Save: A little ways down the road but at an unbeatable price point, pick the Days Inn Torrington (492 E Main St, Torrington, CT; 860-496-0811, wyndhamhotels.com; $69 per night and up) to relax, unwind and enjoy free breakfast daily.

Splurge The Amselhaus (6 Rug Road, Cornwall, CT; 860-248-3155, $175-200 per night) is the perfect place to recover from a day on the slopes, with cozy beds, private entrances and a fully-equipped kitchen for every suite. Stunning views at sunrise and sunset complement the trip.

Mount Snow, West Dover, VT

4 hours away

The closest big Vermont mountain, Mount Snow has more going for it than mere proximity to NYC: It offers 80 trails spread across four mountain faces in the gorgeous Green Mountain National Forest and, in addition to 467 skiable acres of developed terrain, all of the woods within the resort's boundaries are open for tree-skiing. A whopping 40 intermediate runs make it a great choice for confident-but-leisurely shredders. While first-timers will appreciate gentle slopes, like the popular three-mile Long John trail, adrenaline junkies needn't feel left out—there's plenty of ungroomed tree terrain on North Face and, in the consistently top-ranked Carinthia (the only all-terrain-park mountain face in the east), ten parks full of rails, jumps and pipes. If you're still looking for thrills after the lifts stop running at 4pm, consider some evening tubing at Mount Snow's ten-lane park (open 10am-6pm daily; two-hour and full-day passes available) or opt for a snowmobile tour through the pristine forest at dusk (800-627-7533, snowmobile-tours.com; one hour $90–$100).

Mon–Fri 9am–4pm; Sat, Sun 8am–4pm. Lift tickets: weekdays $33 and up, weekends and holidays $51 and up. Equipment rental: full-day $41. Two-hour group lesson $99.

Getting there:
A round-trip ticket with OvRride (347-559-1787, ovrride.com) costs just $80, including your lift ticket; buses depart from several locations in Manhattan and Brooklyn.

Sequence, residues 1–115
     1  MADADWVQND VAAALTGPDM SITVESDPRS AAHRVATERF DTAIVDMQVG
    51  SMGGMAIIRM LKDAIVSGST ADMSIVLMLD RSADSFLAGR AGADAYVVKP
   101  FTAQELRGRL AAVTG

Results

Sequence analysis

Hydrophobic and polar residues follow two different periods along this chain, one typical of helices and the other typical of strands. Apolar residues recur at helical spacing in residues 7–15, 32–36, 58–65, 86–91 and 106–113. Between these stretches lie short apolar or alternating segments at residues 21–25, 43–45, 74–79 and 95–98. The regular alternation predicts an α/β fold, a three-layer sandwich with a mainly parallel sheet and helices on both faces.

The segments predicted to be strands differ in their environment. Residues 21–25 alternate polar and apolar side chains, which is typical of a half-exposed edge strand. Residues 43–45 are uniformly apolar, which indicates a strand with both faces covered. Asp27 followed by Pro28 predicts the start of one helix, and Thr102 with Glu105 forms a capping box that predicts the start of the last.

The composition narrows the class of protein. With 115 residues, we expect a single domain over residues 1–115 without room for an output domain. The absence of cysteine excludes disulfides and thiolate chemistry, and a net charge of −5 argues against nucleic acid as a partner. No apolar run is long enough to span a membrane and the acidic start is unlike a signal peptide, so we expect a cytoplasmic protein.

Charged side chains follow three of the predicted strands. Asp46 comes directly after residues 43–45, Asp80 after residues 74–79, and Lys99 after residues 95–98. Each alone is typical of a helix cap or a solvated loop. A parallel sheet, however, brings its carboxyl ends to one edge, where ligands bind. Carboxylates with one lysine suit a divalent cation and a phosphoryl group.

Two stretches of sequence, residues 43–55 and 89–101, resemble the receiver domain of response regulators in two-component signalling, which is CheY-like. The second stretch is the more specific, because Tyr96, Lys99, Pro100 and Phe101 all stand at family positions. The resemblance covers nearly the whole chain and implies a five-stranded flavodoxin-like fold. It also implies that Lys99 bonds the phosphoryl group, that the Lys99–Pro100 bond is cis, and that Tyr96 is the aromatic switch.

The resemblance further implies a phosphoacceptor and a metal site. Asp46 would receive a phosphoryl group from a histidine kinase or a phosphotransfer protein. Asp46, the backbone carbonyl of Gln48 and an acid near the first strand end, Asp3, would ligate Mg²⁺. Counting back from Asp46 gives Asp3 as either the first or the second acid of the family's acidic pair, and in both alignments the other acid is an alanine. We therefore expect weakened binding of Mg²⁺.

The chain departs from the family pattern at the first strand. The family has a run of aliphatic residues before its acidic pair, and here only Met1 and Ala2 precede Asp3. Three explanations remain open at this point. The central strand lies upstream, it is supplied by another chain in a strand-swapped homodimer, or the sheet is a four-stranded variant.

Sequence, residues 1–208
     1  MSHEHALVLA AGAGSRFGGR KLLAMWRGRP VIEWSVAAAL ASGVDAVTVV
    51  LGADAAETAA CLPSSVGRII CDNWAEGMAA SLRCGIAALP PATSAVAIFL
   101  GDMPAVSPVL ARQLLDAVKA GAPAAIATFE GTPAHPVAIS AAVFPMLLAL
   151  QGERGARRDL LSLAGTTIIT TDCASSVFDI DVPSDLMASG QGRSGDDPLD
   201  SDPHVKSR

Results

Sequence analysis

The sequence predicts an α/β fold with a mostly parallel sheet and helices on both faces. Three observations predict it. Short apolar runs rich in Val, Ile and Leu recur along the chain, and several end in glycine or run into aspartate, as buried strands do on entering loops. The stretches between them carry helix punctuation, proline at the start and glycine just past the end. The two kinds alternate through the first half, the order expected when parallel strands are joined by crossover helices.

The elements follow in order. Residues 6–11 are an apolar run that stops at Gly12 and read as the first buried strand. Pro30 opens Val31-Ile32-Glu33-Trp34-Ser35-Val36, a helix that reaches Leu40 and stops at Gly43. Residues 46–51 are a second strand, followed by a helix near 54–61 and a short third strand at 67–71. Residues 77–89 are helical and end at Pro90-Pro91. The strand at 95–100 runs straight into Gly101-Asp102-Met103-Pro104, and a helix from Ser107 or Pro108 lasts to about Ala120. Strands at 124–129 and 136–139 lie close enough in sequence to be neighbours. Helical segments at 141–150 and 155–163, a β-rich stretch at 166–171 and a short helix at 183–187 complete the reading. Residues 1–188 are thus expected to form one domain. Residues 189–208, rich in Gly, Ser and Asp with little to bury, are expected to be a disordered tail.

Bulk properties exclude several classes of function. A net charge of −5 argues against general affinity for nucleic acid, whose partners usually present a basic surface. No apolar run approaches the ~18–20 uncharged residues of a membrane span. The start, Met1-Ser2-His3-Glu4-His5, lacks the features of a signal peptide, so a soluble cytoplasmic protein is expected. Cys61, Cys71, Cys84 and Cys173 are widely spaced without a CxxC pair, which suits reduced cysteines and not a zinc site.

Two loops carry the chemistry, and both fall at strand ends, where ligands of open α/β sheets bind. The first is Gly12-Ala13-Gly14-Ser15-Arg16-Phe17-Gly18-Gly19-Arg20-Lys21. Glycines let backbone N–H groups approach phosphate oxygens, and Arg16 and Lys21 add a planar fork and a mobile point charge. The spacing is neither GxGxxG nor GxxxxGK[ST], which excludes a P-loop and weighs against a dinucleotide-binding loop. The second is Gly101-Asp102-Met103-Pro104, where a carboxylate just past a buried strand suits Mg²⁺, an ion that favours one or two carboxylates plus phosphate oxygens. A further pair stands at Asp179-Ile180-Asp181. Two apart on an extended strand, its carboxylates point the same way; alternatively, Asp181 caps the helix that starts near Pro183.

Where to stay:

Save: At the homey 24-room B&B Big Bears Lodge (344 Rte 100, West Dover, VT; 800-388-5591, bigbearslodge.com; $80–$220 per night), you can fill up on hearty country fare like homemade blueberry pancakes, French toast and bacon before hopping on the free shuttle for the quarter-mile ride to the lifts. The quad rooms, starting at $160 per night, are a budget-friendly group option.

Splurge: You can't get any closer to the slopes than at the Grand Summit Resort Hotel (89 Mountain Rd, West Dover, VT; 800-462-4780; $343–$623), a full-service ski-in/ski-out beauty at the base of the mountain. Nearly half of the 198 rooms and suites feature kitchenettes and all have access to the health club and a luxe spa for post-ski pampering.

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Okemo Mountain Resort, Ludlow, VT

4 hours away

Even well-traveled snow snobs can't complain about the top-notch grooming and quality of the white stuff at this south-central Vermont favorite. High-powered snow guns cover 96 percent of the 119 trails and glades that span the resort's five mountains, and with terrain evenly divided among novice, intermediate and advanced levels, there's something for everyone (including stunt-loving boarders, who can perform tricks on six terrain parks and a 500-foot-long superpipe). Those looking for more of a cardio challenge shouldn't miss the extensive network of sweat-inducing trails, manicured especially for Nordic skiing and snowshoeing (combination equipment–trail pass $37). But the best—and easiest—way to get your heart pumping might be a ride on the resort's new Timber Ripper roller-coaster ($9–$13), which zooms along the mountain's snow-covered contours at speeds of up 25 miles per hour and includes a hair-raising 375-foot vertical descent. Mon–Fri 9am–4pm; Sat, Sun 8am–4pm. Lift tickets: weekdays $72, weekends and holidays $81. Equipment rental: full-day $53. Two-hour group lesson: beginner $68-75

Getting there:
Day-trippers can hop on Snowboard Escape's (646-345-3649, snowboardescapes.com) fleet of buses, which depart from Chelsea every Saturday; the $100 round-trip fee includes your lift ticket.

Where to stay:

Save: Cash-strapped groups will appreciate the Timber Inn Motel (112 Rte 103 South, Ludlow, VT; 802-228-8666, timberinnmotel.com; $79–$279 per night). Many of the 18 basic rooms sleep up to five people, and a two-bedroom apartment can accommodate six ($179–$399). Widespread wood paneling makes a stay here feel like a throwback to sleepaway camp—one with a hot tub and sauna.

Splurge: The 300 modern, country-chic rooms, studios and condos at Jackson Gore Village (480 Ranta Rd, Ludlow, VT; 866-538-0187, okemo.com; $298–$1,500 per night) are mere steps from the lifts, making the afternoon trek back to its heated outdoor pool, ski storage and in-house tavern a breeze.

Stratton, VT

4 hours away